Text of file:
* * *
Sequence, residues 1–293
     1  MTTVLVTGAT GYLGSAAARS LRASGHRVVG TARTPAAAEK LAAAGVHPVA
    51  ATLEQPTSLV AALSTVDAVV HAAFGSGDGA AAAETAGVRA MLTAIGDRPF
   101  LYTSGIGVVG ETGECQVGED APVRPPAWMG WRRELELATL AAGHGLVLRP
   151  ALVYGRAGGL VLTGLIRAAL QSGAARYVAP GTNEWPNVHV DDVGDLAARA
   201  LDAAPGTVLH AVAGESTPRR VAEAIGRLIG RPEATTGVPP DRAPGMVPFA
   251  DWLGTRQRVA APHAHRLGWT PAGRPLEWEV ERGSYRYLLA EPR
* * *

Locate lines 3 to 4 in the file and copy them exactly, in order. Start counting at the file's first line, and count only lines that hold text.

    51  ATLEQPTSLV AALSTVDAVV HAAFGSGDGA AAAETAGVRA MLTAIGDRPF
   101  LYTSGIGVVG ETGECQVGED APVRPPAWMG WRRELELATL AAGHGLVLRP